Bear in mind that during the holy month of Ramadan, Muslims and even some expats fast. One is not permitted to eat or drink in public during the day for the duration of the holiday. Many restaurants remain closed until evening, although those in the larger hotels still serve food.
Lunchtime dining takes place behind covered windows in order to show respect. As take-away meals are allowed, many restaurants remain partially open to provide this service, or else do home deliveries. Fasting is broken after sunset, and restaurants will open as normal at this time, often remaining open into the early hours of the morning.
Outdoor activities in Dubai
While the sweltering summer months make outdoor activities next to impossible, the city has much to offer in the cooler months of the year. There are beaches and waterparks aplenty, both of which are great places to splash around and cool down with the kids. Dubai is also home to numerous parks, perfect for a picnic or just a day out taking a walk.
Meeting people and making friends in Dubai
One of the major challenges of moving to a new place is meeting and making friends with like-minded people. Joining a club – whether for a sport, a hobby or a charitable cause – is a sure-fire way to find others with shared interests. But where to start? Here are a few clubs and societies to consider.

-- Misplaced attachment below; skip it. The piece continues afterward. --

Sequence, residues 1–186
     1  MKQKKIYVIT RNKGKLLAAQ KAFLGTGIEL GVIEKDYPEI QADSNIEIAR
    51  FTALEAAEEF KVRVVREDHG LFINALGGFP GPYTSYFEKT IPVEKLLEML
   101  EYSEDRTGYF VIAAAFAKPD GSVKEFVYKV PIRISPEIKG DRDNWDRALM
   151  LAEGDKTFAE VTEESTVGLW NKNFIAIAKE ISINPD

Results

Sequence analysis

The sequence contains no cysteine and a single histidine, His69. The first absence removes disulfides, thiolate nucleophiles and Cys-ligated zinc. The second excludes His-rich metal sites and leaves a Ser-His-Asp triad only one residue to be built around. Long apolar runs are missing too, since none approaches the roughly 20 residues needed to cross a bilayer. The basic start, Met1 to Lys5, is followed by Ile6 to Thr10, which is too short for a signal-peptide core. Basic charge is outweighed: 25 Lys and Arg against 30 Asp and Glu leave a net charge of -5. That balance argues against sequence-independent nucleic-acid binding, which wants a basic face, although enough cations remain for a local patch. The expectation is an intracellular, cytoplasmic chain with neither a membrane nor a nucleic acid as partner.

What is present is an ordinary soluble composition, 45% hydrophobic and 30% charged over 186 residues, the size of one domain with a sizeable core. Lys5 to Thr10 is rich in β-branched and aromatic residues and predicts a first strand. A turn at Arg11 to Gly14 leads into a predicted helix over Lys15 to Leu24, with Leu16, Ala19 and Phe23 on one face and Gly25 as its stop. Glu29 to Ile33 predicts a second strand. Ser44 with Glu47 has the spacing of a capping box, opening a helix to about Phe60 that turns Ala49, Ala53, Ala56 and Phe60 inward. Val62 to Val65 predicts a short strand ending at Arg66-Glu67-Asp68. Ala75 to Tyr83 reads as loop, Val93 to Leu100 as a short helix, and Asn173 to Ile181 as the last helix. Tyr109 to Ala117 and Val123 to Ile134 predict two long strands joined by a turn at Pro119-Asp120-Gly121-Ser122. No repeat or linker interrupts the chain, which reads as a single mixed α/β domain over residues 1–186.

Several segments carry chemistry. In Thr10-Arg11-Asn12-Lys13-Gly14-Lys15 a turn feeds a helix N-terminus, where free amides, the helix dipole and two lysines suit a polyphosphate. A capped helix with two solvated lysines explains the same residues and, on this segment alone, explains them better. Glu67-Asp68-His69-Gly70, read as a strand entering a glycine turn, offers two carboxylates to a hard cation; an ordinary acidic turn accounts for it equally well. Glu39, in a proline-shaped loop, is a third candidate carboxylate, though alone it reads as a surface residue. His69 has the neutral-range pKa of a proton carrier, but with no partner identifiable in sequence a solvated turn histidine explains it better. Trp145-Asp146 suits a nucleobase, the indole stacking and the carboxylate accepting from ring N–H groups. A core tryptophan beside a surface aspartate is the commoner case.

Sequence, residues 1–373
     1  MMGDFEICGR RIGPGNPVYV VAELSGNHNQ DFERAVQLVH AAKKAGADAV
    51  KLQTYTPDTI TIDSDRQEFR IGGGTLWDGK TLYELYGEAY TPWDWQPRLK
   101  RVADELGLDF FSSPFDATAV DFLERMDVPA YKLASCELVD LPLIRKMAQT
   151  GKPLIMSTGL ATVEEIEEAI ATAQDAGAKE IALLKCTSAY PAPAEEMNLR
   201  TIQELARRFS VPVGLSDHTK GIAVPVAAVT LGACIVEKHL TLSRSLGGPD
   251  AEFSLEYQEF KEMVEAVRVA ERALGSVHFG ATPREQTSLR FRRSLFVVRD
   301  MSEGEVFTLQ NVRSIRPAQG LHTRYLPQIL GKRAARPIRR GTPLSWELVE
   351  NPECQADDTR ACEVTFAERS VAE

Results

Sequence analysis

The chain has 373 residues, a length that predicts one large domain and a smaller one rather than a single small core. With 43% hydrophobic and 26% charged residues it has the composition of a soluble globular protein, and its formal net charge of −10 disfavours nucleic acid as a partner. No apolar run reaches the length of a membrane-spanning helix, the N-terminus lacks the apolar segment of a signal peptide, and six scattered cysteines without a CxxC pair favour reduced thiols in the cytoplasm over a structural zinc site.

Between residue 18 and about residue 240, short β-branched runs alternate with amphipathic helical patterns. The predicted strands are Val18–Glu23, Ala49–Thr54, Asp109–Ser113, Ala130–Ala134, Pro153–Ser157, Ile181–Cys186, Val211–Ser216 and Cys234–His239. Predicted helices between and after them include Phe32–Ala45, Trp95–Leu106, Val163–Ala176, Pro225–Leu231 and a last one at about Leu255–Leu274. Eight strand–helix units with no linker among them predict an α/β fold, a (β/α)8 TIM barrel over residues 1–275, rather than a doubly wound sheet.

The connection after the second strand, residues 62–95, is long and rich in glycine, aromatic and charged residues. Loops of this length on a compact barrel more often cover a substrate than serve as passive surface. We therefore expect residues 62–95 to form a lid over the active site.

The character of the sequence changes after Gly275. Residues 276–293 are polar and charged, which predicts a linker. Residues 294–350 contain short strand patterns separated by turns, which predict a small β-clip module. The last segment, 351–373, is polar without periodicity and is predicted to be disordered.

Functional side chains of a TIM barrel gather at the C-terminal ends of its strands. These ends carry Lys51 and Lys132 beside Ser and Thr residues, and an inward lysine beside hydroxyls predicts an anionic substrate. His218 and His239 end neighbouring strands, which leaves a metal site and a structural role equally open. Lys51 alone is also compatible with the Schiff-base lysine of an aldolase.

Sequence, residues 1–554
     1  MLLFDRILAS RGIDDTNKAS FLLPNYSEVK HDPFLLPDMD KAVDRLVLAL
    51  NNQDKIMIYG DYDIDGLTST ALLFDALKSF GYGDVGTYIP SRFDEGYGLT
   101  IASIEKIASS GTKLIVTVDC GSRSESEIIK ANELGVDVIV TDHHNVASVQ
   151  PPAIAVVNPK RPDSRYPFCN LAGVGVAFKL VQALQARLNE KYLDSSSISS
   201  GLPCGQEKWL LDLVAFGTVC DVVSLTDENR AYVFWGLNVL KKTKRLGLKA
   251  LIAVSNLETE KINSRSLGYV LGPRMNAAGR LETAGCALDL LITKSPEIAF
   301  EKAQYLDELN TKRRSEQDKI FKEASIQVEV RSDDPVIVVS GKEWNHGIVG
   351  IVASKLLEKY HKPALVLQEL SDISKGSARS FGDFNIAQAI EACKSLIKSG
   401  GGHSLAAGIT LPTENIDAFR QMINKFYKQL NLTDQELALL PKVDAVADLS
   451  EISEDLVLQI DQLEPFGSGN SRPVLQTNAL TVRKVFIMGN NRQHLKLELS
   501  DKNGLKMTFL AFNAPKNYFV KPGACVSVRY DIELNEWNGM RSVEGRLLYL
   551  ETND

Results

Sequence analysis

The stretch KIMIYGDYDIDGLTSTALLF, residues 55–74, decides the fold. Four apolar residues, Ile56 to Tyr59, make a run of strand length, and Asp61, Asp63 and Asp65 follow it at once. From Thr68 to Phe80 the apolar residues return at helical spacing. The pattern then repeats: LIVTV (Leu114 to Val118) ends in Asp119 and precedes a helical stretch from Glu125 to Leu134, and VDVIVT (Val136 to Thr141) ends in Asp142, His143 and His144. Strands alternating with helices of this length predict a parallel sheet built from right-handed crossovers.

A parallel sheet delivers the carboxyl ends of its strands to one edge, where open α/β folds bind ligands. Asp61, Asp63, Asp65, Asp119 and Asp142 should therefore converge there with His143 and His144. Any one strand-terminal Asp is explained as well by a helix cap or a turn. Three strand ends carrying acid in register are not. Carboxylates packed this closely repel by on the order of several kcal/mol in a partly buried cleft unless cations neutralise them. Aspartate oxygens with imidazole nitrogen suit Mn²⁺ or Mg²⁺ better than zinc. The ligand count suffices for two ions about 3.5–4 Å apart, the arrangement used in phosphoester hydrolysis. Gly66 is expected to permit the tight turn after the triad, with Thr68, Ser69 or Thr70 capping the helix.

There are countless benefits to learning a new language, not least of which is the opportunity to meet all sorts of people. Arabic is the natural choice for a new transplant to the UAE, but the Eton Institute also offers a diverse selection of other languages from across the globe, including everything from French, Spanish and German to Turkish, Hebrew and Farsi.
One for the animal lovers, 38smiles is a non-profit animal rescue organisation. Stray animals, particularly cats, can often be seen around Dubai, and 38smiles has programmes in place to assist these vulnerable animals and help control the population of strays. This includes catch, neuter and release programmes, as well as the rescue, rehabilitation and rehoming of injured or mistreated animals.
A well-established cycling club, the Dubai Roadsters offer a fun and easy way to get into the emirate's cycling culture. For those who enjoy a bit of fresh air, this club has the benefit of being both a great way to meet people and an enjoyable form of exercise. Numerous weekly rides are held both on-road and at cycle tracks.
►See What's On in Dubai for information about annual events
"What I enjoy most about Dubai is the culture and the food. I learned to love the food and whenever I am back home I miss it so much." Read more of SA expat Cormandré's interview about Dubai.
"Anyone who’s ever been to Dubai would tell you that the shopping is spectacular, shops delivering items straight to your front door, Amazon’s endless online shopping options, etc., are all the little things that I tend to enjoy." Mariëtte shares her experiences in her interview about Dubai.
Are you an expat living in Dubai?
Expat Arrivals is looking for locals to contribute to this guide, and answer forum questions from others planning their move to Dubai. Please contact us if you'd like to contribute.